An employee discharged for employment misconduct is disqualified from receiving unemployment benefits.  Minn. Stat. § 268.095, subd. 4(1) (2002).  At the time of the commissioner’s representative’s decision, “employment misconduct” was defined as follows

(1) any intentional conduct, on the job or off the job, that disregards the standards of behavior that an employer has the right to expect of the employee or disregards the employee’s duties and obligations to the employer;


            . . . .


            (b) Inefficiency, inadvertence, simple unsatisfactory conduct, poor performance because of inability or incapacity, or absence because of illness or injury with proper notice to the employer, are not employment misconduct.


Minn. Stat. § 268.095, subd. 6(a)(1), (b) (2002).[2] 

            Vargas argues that NWAF has the burden to prove by a fair preponderance of the evidence that Vargas was discharged for employment misconduct.  The legislature, however, changed the common law burden-of-proof requirements relating to the grant or denial of unemployment benefits.  1999 Minn. Laws ch. 107, § 40.  Employment misconduct is now determined without regard to any common law burden of proof.  See Minn. Stat. §§ 268.069, subd. 2; .101, subd. 2(d); .105, subd. 1(b) (2002).  Thus, the commissioner’s representative is to conduct a de novo review of the administrative record in making a final decision.  Minn. Stat. § 268.105, subd. 2(c) (2002).  The commissioner’s representative is required to make independent findings of fact and such decisions as those facts require.  Id.  The commissioner’s representative here did so.  

            Vargas argues there is insufficient evidence to support the finding that he refused to participate in the performance plan.  He argues that his testimony contradicted july’s testimony, that there is no further evidence that he refused to participate, and that NWAF actually used the plan as a pretext for firing him because of personal differences.  But the record sustains the commissioner’s representative’s determination that Vargas refused to participate.

            First, july testified that when asked, Vargas expressly stated he was not planning on participating with the plan.  The only evidence that Vargas offers to rebut this testimony is his own testimony denying the statement.  When parties have presented conflicting evidence on the record, appellate courts must defer to the commissioner's ability to weigh the evidence; they may not weigh that evidence on review.  Whitehead v. Moonlight Nursing Care, Inc., 529 N.W.2d 350, 352 (Minn. App. 1995).  Further, at the hearing, Vargas admitted that he had not planned on fully cooperating with the performance plan because he felt that to do so would compromise his harassment claim.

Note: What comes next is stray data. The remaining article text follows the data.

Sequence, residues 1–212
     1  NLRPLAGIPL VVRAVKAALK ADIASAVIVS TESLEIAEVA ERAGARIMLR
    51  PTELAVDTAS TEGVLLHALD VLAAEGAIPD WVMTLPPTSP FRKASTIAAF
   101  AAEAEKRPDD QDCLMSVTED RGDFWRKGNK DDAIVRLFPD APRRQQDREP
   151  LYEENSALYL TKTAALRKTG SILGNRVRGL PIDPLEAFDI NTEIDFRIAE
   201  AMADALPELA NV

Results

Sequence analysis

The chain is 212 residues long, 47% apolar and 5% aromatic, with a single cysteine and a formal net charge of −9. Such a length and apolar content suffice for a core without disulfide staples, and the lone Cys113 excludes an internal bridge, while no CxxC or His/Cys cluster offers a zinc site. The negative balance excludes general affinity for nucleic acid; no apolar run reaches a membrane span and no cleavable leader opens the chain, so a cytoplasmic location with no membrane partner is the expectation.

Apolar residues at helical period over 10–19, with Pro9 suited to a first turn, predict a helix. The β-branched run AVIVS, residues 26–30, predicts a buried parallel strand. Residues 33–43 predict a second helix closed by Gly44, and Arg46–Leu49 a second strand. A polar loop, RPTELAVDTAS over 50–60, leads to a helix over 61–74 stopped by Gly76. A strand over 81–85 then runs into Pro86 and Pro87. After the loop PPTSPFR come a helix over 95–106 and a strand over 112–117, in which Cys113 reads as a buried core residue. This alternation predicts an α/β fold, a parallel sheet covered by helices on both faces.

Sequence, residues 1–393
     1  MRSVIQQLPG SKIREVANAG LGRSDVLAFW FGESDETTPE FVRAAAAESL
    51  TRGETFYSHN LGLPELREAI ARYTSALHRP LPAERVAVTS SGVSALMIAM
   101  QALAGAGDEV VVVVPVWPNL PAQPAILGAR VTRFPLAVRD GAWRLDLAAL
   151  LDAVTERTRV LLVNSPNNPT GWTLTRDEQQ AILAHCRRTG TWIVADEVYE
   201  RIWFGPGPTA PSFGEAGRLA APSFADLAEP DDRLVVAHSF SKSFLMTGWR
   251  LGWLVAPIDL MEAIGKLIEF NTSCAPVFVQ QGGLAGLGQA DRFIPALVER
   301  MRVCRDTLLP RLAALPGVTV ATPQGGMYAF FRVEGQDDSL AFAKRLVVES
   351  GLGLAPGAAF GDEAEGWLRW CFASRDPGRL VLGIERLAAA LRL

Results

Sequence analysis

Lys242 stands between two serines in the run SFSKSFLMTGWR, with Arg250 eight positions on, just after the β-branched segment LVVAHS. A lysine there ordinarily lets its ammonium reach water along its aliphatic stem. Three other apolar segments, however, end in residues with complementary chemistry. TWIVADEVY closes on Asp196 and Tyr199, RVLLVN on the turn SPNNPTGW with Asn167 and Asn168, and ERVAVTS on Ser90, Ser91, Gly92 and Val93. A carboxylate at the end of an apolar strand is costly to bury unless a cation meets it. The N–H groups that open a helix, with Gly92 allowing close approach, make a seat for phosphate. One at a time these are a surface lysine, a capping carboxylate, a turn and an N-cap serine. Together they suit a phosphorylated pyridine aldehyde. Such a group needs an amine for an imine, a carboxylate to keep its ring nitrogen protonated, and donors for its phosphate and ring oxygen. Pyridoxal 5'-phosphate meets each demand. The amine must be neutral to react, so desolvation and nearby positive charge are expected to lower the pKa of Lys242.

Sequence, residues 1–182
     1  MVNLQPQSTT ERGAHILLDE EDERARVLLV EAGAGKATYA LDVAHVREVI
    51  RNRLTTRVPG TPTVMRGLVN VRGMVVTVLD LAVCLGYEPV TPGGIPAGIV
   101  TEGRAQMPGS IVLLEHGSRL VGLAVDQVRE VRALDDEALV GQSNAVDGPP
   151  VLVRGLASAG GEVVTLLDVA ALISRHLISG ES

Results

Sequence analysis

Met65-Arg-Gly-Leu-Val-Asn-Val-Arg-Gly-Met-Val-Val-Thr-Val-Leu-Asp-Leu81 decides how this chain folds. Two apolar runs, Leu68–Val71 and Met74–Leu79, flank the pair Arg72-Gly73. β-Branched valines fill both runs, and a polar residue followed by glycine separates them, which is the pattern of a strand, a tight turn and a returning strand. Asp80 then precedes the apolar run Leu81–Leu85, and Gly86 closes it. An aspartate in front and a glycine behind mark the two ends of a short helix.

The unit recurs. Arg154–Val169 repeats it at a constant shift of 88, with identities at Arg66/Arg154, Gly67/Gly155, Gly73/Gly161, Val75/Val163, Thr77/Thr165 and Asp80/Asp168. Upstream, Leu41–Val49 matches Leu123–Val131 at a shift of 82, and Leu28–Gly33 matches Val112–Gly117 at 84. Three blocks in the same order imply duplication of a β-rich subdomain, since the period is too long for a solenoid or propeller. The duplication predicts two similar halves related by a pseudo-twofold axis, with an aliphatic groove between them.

Vargas’s retaliation claim also fails.  There is no credible evidence in the record that the employment termination was for any reason other than his refusal to participate, and the record supports the finding of the commissioner’s representative that there was no retaliation.  The formal investigation of the complaint included interviews with current and former employees, even after Vargas failed to provide requested information.  Further, the investigation was done separately from the process dealing with Vargas’s job performance.  In fact, at the time that Vargas’s supervisors first began discussing their concerns, they were unaware that Vargas had made a harassment claim.  Additionally, there was no disciplinary action taken against Vargas until he later refused to participate, and july testified that he did not consider taking such action until Vargas failed to cooperate.  Viewed in the light most favorable to the commissioner’s representative’s decision, the evidence overwhelmingly supports the finding that Vargas failed to follow the plan.

            For an employee’s conduct to constitute employment misconduct, the “conduct must (1) be intentional and (2) disregard standards of behavior the employer has a right to expect or the employee’s duties and obligations to the employer.”  Houston v. Int’l Data Transfer Corp., 645 N.W.2d 144, 149 (Minn. 2002).  Conduct is intentional if it is deliberate and not accidental.  Id. “[T]he word ‘disregard’ includes intent that is separate and distinct from the intent to engage in the conduct in question.”  Id. at 150.  Therefore, in order to be disqualified on grounds of employment misconduct, there must be a sufficient showing in the record that the employee intended to engage in, or actually engaged in, conduct that “evinced an intent to” ignore or pay no attention to the employee’s duties and obligations or the standards of behavior the employer had a right to expect.  Id.  A single deliberate act that adversely affects the employer may constitute misconduct.  Ress, 448 N.W.2d at 524.  

            Vargas’s actions were intentional.  When july first expressed his and Hinickle’s concerns, Vargas told them that they were wrong and asserted that they were only making such comments to harass him.  The commissioner’s representative found that Vargas was told the requirements of the plan and informed that his job depended on meeting those requirements.  Vargas stated that he understood.  But he failed to perform any of the steps of the plan and when asked, he stated that he did not intend to perform it.  These actions were neither accidental nor inadvertent.  Vargas could have cooperated with his employers on the job performance issues and performed the first steps in the performance plan while, at the same time, cooperating with the harassment investigation.